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it. I wondered much at the busy life the river led, and the great many things it could turn its hand to, in some of which I played a humble part. But these I pass for the present, and hurry on to the time when the river


carried me back to the arms of my mother from whom I had been separated so long.

My mother and I embraced each other with rapture.

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She tossed me up and caught me in her arms again, and rocked me in her cradling billows, and invigorated my frame with the old food that I had not seen since I left her. I spent several months with my mother; and, carried by winds and currents, I visited many distant parts of her domains.

At length, with her permission, I resumed my travels over the world, and rose one day into a large mass of clouds, which a south wind was driving before it. I and my neighbouring vesicles (for we were not exactly drops now) sailed before the wind for a considerable distance, and by degrees a very extraordinary change came over us. We gradually became of a dazzling whiteness, and assumed most beautiful forms, very various, but of perfect symmetry. I could not account for this change in our appearance, but supposed it might be connected with the intense cold we felt at the same time.

In this state we amused ourselves by dancing gracefully in the air, till, quite weary, we floated down and found a resting-place on a mountain of great beauty.

I call it a mountain ; but it was unlike those that I remembered beside my old home in the tarn. No green turf or blooming heather clothed its sides, and no dark fir-trees fringed its cliffs; but its peaks were sharp and glistening as a sword-blade, and clear as crystal. No eagle built its nest there, nor did any living creature venture to rest on the cold, solemn, majestic piles of ice that rose out of a sea of ice to pierce the deep sky. Nevertheless, we snow-flakes felt very much at our ease there, and remained many days and nights before a sunbeam came and took away our new-found beauty, turning us to drops of water once more.

I was resting in a pool near the summit of the iceberg, when one day I noticed a change in my situation. A strong wind blew, a loud cracking was heard, and my mountain loosened its hold of the ice-fields, and sailed away into the open sea.

As it drifted on it became gradually smaller, until at


last its highest point bowed beneath the waves, and I was restored once more to my mother's arms.

I must hasten to the end of my story.

Coming one day near a country very different from any I had hitherto visited, I rode on the foam of a billow far up on the rocky shore. I fell into a pool where lovely sea-weeds were growing, and many curious creatures sporting. When the sun came forth, his beam was stronger than any I had as yet felt, and on it I rose far above the rocky pool. Now it was that “Phoebus placed me in his bow,' and I shone there with a colour richer than the ruby's. Then came a terrible change. Clouds rose up on all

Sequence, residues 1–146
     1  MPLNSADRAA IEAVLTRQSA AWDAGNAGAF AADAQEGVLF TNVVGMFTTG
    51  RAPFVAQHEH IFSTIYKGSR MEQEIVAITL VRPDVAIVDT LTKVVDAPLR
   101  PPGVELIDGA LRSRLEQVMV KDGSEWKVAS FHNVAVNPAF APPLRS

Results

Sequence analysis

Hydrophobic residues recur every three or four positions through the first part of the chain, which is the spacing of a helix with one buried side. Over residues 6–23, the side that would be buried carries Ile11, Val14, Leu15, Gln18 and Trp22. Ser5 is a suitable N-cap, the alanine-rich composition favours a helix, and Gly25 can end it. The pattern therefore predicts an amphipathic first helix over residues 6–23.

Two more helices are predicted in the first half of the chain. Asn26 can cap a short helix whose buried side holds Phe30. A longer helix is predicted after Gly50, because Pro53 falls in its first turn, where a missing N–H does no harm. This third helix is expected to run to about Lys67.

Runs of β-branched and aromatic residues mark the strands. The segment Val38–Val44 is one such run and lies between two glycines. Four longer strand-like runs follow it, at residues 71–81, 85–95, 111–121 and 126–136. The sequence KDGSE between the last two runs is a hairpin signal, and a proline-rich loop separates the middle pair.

thunder shook them and lightning tore them, and the furious wind drove them before it, till down down I went again a great heavy raindrop, and plunged, with many of my companions, into a well in the court of a great Indian mansion.

The scene changes. A large room in an Indian city is filled with a motley company. At the upper end is placed a table covered with white linen; before it, on low seats, are ranged a little band of children, with dark faces and clean white dress. Behind these are various groups of dark-faced men, while a few white faces may

be seen here and there. Some of the company are clothed in garments of the highest luxury and refinement, while others seem hardly raised above barbarism-wild mountain men.

Presently a pale, reverend-looking man, in the costume of the West, enters, and takes his seat at the table. He reads aloud from a large book, and then speaks to the company of strange and good news. Then a handsome Brahmin comes forward, and turns to address the assembly. He speaks of his past life, and deplores it. He tells of years and talents wasted in the service of vain idols : he speaks of the coming of the stranger, and of his wondrous teaching, and of the struggle within him between the old and the new. He tells how the truth


won the victory, and that he now is resolved to spend his life in declaring it to his countrymen ; he has further only to ask that the seal of his new Master may be put

upon him.

The teacher rises, and asks an Indian gentleman to suffer a servant to bring a little water from his well. The heathen are surprised, for they had heard that these Christians used unclean things in celebrating their rites; but the request is politely complied with.

And there, fulfilling the holiest service to which water is consecrated on this earth, let us leave the 'gift of God.'1

RUTH. 1 Water is so called by the Arabs.



JAR away from town and shops two plumbers

were at work on a nice job, which needed all their skill. But a fine tool, which they could

not work without, slid down a pipe. The house was full of grown people, but no help could they give, their hands were as large as the plumbers' own. The children came by. They had often before gone to cheer the men at work by singing to them, and the men knew they would help them if they could. The first put her hand down the pipe; but it felt cold, and the tool at the bottom was sharp, so she drew back her hand. The. next was more brave; thrust her arm right down, gave one strong pull, and out came the tool. So the men worked on. Now there are things to be done for the Lord, which He pleases only to do by the small hands of His willing little children. Will you ask Him, just because you are so small in His sight, and in other's sight, to use you in His work ? From the 'Soul Gatherer.'

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